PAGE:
(1) In Bioregionalism, book of collected writings edited by Michael Vincent McGinnis, Routledge, London, and New York.

(2) Join today at www.planetdrum.org.

(3) Bioregionalism, cited book.

(Tomorrow: On the edges of the Mattole River)



Article Four

The Guardians of the Mattole River

Jane Lapiner and David Simpson Defend Nature with Theater

Libération newspaper (Paris, France), Culture section (Thursday, 28 December 2000), p. 25.
In 1966-67, unlike the hippies of San Francisco, they were revolutionary anti-establishment protesters. When nothing more seemed possible there, they disappeared into nature, founded communities, and took a new departure into radical ecology. Thirty years later, the Diggers have not abandoned their American dreams....

On location in San Francisco

In order to get from San Francisco to the mouth of the Mattole River, in the heart of the lost coast of California, it is necessary to drive six hours north, crossing dark forests of sequoias and follow mountain ridges, then heading down toward Petrolia, a town of a dozen buildings. The house of Jane Lapiner and David Simpson is not far off and is suspended on a hill facing the mouth of the river on the Pacific Ocean. There one will find a half-dozen riding horses, turkeys destined to a lugubrious fate when Thanksgiving time arrives, chickens, cats, a big curious dog, vegetables, flowers, and several pine trees surrounding a wooden house...

David Simpson, former member of the Mime Troupe and ex-Digger, proudly looks at the clear oak wooden floor that he has just finished: "And to say that the people from around here are so crazy about sequoias that they regard the oak as a weed!” Jane Lapiner is also there, smiling. Lapiner was born into a New York Jewish family of Polish origin which she describes as progressive, and perhaps even communist, although she doesn't know for sure. In 1961, when she arrived in San Francisco, she was twenty years old. In those days her husband was a French and Italian teacher. In 1964, Jane joined the Mime Troupe, becoming one of the most famous dancers in San Francisco. In order to avoid going to Vietnam, David had enlisted in the Coast Guard before the draft was issued. He had had the luck of being assigned to the west coast. Once demobilized, he had joined the Troupe. An actor, an author, and a Digger, David also wrote for the Free Press. It was in the Mime Troupe that Jane met David, whose family was from Chicago, and the couple had one daughter.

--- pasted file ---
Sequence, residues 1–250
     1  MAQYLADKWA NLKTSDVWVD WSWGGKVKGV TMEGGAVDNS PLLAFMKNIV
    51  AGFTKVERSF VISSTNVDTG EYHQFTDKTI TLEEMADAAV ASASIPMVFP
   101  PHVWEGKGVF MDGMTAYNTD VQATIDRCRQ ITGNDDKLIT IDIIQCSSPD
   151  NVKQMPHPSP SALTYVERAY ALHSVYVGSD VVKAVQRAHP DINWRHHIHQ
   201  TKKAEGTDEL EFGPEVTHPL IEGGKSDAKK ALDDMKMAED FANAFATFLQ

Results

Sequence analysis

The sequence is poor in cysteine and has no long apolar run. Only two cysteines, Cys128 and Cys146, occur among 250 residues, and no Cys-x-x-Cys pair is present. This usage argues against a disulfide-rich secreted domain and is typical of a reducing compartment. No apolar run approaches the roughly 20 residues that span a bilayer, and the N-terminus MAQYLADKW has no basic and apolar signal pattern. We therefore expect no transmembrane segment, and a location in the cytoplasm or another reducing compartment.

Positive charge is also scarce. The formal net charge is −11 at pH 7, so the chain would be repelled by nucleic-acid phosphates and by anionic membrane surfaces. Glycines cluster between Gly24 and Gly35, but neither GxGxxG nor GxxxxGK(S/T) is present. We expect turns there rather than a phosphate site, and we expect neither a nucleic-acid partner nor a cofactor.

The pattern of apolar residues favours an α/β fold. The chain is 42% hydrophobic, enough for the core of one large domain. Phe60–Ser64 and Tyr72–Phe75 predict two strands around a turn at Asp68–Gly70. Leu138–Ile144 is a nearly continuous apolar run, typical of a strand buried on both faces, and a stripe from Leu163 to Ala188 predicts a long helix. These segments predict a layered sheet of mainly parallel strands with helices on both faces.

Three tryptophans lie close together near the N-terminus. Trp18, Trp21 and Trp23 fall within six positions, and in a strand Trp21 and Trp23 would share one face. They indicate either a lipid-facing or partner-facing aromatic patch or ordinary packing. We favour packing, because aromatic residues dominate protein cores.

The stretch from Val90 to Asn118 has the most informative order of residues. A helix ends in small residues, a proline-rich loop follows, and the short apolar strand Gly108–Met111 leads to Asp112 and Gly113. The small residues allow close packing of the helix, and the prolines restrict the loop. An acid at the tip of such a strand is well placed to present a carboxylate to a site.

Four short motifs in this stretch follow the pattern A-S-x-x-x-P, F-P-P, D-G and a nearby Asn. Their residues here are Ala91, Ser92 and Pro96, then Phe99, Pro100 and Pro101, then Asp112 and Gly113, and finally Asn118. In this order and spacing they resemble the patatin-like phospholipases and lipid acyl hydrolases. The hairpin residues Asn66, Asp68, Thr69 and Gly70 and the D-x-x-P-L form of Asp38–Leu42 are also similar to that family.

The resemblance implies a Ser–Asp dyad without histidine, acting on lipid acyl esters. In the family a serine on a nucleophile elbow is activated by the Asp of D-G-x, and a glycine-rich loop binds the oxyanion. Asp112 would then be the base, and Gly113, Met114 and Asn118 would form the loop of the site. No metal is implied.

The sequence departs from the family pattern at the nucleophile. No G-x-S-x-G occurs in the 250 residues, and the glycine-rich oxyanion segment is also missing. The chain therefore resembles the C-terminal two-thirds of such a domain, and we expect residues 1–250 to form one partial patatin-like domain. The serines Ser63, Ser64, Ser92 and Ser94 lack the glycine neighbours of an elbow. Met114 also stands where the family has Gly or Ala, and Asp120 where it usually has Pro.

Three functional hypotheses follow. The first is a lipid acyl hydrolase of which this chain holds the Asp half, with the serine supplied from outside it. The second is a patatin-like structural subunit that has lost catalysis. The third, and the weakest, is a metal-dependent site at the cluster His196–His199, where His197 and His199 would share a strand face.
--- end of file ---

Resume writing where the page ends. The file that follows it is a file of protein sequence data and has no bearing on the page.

Wooden House

At the end of the ‘60s, Simpson and Lapiner, who, from then on lived together, joined a community farm. In 1974, when the commune era had died off, they drove up to Humboldt country, near Oregon, and settled on the bank of the Mattole River. They are now in the process of restoring a wooden house which they had been living in until 1992, when it was destroyed by an earthquake. “The mouth of the river is situated on the friction point of three tectonic plates: the Pacific, the North American, and the Gorda,” says David. "The landscape is not very stable. We have since moved into the adjoining barn nearby which hadn't been damaged,” says Jane.

Night falls. Jane goes onto the narrow strip of sand which separates the river and the ocean. "It is the 6th of November; the salmon's trip up river should begin.” Jane and David have been interested in the salmon since they arrived here. Salmon are funny fish. Those of the Pacific are notably so: after a long voyage in the ocean, they swim back only one time (while other salmon make the trip three or four times), in order to spawn in the mild waterway where they were born; then they die. Their bodies run aground by the thousands on the high banks of the Mattole, a fact that pleases the bears, vultures and coyotes. "This is an especially excellent ecological indicator,” clarifies Jane. "In order for everything to go well for the salmon, it is necessary that the river be clear and the gravel on which they reproduce be clean so that the erosion of the surrounding hills is slight — deforestation has to be brought under control....” Next Tuesday David will discuss this issue with his biologist friend, Gary Peterson. In the meantime, he mentions the recent problems that he and other bioregionalists of the valley have had to face.

"After WWII, California experienced a housing boom for which numerous forests were cut down,” continues David. "Between 1947 and 1987, three-fourths of the valley’s trees disappeared. The erosion has been phenomenal. The wild salmon were in danger. The state had started to realize the seriousness of the problem, but we didn’t wait for the state in order to involve our neighbors in safeguarding the fish. We aren’t environmentalists: for us, defending nature cannot be accomplished by edicts handed down by centralized authorities. It is necessary to mobilize the people who are in contact with it. There will be successful results only if everyone begins there. We try then to demonstrate the necessity of controlled forest management and the necessity of long-lasting development.” This is not easy. The land owners hold prejudices against reformers and other bioregionalists stemming from the ‘60s, even if they have adapted, even if they know how to build a house with their own hands .....

“Stolen from the Indians”